Student Story

Tabitha Miles '22 Awarded SURPASs Grant to Research Gender Gap in Computer Science Education

Computer science student Tabitha Miles ‘22 has been accepted into the Summer Undergraduate Research Program (SURPASs) — a paid, mentored summer research experience for undergraduates from the end of May through the end of June.

“I’m thrilled to have access to such an amazing opportunity,” says Miles, a recent transfer student to Simmons. For the last semester, she has worked closely with Professor Nanette Veilleux and visiting scholar Sherry Seibel on their research project regarding gender disparities in coding bootcamps versus traditional computer science degrees.

“Statistics from recent years show the number of women entering the tech industry through coding bootcamps currently exceeds the number of women from traditional college computer science programs,” says Miles. “During the SURPASs experience, I will focus on discussing the pedagogies from both bootcamps and traditional computer science (CS) programs and inferring what can or should be applied to all CS education to make learning CS more appealing for women. I will be analyzing the qualitative data from our interviews and will create a survey used to gather quantitative data in the near future.”

Statistics from recent years show the number of women entering the tech industry through coding bootcamps currently exceeds the number of women from traditional college computer science programs.

Miles has always been passionate about using computer science and technology to improve education methods and policies. “My goal is to use technology to allow educators to find new teaching methods that work better for a wide range of students,” she says. “I am interested in increasing the use of technology in classrooms to be able to provide multiple effective methods of teaching. Research projects, such as the one I joined, are important in the process of finding new ways to make the world better.”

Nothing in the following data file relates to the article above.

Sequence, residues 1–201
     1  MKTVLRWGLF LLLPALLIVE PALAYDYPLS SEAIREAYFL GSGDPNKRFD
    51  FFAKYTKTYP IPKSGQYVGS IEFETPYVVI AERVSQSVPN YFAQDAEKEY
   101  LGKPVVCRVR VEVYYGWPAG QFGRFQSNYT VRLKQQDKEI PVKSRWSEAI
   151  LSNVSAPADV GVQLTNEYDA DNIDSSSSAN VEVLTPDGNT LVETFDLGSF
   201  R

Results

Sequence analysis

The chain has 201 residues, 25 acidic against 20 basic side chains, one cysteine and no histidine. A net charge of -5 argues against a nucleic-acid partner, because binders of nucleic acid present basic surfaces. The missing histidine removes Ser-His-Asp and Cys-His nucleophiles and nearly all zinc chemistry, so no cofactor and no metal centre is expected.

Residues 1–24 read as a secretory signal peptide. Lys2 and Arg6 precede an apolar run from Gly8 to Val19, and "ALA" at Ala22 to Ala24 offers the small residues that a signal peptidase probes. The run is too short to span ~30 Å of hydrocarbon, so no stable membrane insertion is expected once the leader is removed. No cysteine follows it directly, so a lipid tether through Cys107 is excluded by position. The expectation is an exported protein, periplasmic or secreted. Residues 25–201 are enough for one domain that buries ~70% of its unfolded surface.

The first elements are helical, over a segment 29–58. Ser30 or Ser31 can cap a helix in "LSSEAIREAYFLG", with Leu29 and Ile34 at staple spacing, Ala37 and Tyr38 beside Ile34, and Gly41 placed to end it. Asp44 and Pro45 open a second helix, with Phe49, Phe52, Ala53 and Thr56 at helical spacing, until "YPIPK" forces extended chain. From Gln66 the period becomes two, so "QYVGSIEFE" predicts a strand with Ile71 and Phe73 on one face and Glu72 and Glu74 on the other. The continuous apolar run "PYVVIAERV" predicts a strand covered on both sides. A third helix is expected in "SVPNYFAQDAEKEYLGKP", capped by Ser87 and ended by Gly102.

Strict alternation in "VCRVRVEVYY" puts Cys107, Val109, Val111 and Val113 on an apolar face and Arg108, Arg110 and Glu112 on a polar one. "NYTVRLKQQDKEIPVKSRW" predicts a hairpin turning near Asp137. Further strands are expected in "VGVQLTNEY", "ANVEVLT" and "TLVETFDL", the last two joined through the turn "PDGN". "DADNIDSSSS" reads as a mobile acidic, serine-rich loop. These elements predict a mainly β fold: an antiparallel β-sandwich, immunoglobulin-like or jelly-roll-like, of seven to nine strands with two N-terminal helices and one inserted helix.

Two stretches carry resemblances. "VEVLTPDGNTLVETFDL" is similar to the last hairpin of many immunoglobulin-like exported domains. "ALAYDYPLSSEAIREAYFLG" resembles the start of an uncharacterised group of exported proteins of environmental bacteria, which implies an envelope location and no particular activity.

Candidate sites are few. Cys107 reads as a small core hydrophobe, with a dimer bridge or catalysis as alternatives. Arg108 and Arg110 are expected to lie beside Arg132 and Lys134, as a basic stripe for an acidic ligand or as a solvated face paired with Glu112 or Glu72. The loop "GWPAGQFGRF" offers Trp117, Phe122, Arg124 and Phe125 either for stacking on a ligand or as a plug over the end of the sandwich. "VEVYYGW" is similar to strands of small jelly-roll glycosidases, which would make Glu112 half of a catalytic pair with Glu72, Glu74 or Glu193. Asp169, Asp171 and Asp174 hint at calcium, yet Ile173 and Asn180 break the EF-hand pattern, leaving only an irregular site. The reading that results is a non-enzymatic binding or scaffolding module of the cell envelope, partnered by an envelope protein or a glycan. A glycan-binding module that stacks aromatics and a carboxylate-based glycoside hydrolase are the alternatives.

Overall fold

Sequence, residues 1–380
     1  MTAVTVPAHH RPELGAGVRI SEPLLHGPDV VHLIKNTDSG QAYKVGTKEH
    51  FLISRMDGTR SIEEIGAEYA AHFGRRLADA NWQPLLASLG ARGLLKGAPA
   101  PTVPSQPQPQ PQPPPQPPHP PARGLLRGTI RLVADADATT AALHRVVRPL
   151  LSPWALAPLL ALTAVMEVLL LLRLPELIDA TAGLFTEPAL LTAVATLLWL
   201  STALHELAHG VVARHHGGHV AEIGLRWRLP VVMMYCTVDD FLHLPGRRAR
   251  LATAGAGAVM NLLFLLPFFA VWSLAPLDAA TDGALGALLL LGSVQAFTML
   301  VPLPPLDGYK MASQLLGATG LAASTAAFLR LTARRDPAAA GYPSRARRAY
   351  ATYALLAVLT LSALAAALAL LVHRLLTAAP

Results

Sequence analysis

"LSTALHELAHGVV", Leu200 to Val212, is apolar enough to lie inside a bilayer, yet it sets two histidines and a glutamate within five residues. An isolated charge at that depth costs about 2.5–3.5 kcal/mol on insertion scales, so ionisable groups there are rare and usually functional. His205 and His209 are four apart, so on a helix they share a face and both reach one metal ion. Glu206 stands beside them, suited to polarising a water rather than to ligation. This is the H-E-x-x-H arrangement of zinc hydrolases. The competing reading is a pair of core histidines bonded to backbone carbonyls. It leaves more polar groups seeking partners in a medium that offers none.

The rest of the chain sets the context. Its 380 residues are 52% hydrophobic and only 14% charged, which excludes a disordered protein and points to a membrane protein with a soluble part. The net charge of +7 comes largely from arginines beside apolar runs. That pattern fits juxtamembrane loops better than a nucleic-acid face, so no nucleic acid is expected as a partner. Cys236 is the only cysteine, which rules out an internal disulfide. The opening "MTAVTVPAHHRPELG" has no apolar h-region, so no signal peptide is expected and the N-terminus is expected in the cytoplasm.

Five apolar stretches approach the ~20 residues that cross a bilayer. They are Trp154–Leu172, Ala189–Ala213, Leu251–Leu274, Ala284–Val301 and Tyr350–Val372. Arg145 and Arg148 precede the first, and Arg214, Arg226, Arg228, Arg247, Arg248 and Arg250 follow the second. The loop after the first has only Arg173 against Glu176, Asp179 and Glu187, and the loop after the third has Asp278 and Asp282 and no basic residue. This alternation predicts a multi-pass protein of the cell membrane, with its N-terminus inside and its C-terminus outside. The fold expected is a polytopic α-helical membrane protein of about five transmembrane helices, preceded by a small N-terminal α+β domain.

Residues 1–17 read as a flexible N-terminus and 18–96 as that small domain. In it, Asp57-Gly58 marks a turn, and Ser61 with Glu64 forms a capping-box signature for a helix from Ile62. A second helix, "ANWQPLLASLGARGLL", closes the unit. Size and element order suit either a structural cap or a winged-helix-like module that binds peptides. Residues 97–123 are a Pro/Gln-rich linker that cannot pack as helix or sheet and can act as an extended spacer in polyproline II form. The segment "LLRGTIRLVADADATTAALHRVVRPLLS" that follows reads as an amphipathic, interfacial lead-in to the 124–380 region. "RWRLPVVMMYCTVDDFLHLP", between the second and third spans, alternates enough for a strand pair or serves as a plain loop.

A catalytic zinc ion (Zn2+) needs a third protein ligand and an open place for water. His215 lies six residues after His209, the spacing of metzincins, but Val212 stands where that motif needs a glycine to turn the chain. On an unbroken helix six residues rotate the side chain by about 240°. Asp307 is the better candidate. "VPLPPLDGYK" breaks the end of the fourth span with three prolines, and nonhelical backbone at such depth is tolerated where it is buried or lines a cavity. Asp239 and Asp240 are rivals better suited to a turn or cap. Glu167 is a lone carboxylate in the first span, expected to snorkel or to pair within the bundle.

Thanks to SURPASs, Miles will join a community of research scholars and participate in research discussions. The end goals of the experience are to publish the research and present the findings — Miles will present a poster at the Undergraduate Symposium in April 2022.

“I hope to learn about conducting, interpreting, and presenting research,” says Miles. She also encourages students to reach out to faculty pursuing research of interest. “I came across this research project because my advisor forwarded me an email from Professor Nanette Veilleux — she remembered that I had expressed interest in CS and education. It might seem scary reaching out to people, but it’s worth a shot!”

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